• If the target cluster K' does not contain a copy of the P process descriptor, the kernel K' creates a process descriptor copy from the reference P process descriptor, using a remote_memcpy(), and using the cluster_get_reference_process_from_pid() to get the extended pointer on reference cluster. It allocates memory for the associated structures GPT(M,P), VSL(M,P), FDT(M,P). These structures, being used as read-only caches, will be dynamically filled by the page faults. This new process descriptor is registered in the COPIES_LIST and in the LOCAL_LIST.
  • When the local process descriptor is set, the kernel K' select the core that will execute the new thread, allocates a TRDID to this thread, creates the thread descriptor, and registers it in the local process descriptor, and in the selected core scheduler.

5) Thread destruction

The destruction of a target thread T can be caused by another thread K, executing the pthread_cancel() syscall requesting the target thread T to stop execution. It can be caused by the thread T itself, executing the pthread_exit() syscall to suicide. Finally, it can be caused by the exit() or kill() syscalls requesting the destruction of all threads of a given process.

The unique method to destroy a thread is to call the thread_delete() function, that sets the THREAD_FLAG_REQ_DELETE bit in the flags field of the target thread descriptor. The thread will be asynchronously deleted by the scheduler at the next scheduling point. The scheduler calls the thread_destroy() function that detaches the thread from the scheduler, detaches the thread from the local process descriptor, and releases the memory allocated to the thread descriptor. The thread_delete() function can be called by the target thread itself (for an exit), or by another thread (for a kill).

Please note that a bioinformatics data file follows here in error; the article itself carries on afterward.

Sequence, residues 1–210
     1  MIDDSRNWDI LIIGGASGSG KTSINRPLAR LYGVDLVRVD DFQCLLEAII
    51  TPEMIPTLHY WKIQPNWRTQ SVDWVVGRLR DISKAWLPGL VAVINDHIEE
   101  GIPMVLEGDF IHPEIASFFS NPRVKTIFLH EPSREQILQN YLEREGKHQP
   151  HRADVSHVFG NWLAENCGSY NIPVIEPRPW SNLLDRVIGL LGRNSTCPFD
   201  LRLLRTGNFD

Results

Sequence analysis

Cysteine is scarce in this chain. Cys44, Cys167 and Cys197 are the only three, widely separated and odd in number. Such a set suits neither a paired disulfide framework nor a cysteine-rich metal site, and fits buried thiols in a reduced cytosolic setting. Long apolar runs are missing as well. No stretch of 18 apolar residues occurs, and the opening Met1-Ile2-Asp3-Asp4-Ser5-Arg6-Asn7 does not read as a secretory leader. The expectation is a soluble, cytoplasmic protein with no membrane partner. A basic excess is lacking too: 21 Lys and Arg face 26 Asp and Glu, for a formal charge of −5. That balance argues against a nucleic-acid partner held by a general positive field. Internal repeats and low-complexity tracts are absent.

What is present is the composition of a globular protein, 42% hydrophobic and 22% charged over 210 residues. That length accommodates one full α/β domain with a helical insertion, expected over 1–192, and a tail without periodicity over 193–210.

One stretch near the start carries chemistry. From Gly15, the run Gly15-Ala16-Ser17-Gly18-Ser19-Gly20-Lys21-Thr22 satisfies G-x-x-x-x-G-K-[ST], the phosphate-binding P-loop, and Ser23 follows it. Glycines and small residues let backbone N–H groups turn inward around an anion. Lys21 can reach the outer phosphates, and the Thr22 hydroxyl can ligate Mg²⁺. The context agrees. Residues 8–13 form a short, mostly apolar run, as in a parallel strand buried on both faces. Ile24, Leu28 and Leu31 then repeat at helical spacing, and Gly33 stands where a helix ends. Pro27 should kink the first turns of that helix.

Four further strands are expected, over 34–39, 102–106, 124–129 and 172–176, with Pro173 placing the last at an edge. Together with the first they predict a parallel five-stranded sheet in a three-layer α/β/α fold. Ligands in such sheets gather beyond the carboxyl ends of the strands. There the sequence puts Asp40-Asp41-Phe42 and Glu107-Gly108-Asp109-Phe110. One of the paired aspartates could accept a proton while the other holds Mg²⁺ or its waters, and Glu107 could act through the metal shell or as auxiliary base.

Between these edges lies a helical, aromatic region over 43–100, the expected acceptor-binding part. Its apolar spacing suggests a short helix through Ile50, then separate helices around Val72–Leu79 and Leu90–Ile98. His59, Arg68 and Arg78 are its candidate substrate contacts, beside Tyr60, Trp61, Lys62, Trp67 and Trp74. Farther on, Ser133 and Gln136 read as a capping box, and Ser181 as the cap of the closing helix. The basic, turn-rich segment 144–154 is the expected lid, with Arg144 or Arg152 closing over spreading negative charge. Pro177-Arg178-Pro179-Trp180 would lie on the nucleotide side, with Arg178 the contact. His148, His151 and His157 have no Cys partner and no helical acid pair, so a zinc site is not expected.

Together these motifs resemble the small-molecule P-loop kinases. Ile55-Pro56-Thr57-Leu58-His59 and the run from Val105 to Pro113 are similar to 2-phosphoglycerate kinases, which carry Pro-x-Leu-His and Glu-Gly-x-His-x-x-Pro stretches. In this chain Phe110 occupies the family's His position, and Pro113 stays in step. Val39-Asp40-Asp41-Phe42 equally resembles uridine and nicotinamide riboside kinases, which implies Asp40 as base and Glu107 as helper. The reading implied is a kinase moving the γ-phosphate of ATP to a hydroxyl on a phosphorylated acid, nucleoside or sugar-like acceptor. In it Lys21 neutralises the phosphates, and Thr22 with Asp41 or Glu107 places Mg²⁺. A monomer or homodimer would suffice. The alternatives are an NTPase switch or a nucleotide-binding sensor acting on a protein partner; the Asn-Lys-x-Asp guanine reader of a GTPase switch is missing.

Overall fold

If the target thread is running in attached mode, the thread_delete() function synchronizes with the joining thread, waiting the actual execution of the pthread_join() syscall before marking the target thread for delete.

If the target thread is the main thread (i.e. the thread 0 in the process owner cluster) the thread_delete() does not mark the target thread for delete, because this must be done by the parent process main thread executing the wait() syscall (see section [6] below).

5.1) Thread running in DETACHED mode

The scenario is rather simple when the target thread T is not running in ATTACHED mode. The killer thread (that can be the target thread itself for an exit) calls the thread_kill() function that does the following actions:

  • the killer thread sets the THREAD_BLOCKED_GLOBAL bit in the target thread blocked field,
  • the killer thread sets the THREAD_FLAG_REQ_DELETE bit in the target thread flags field,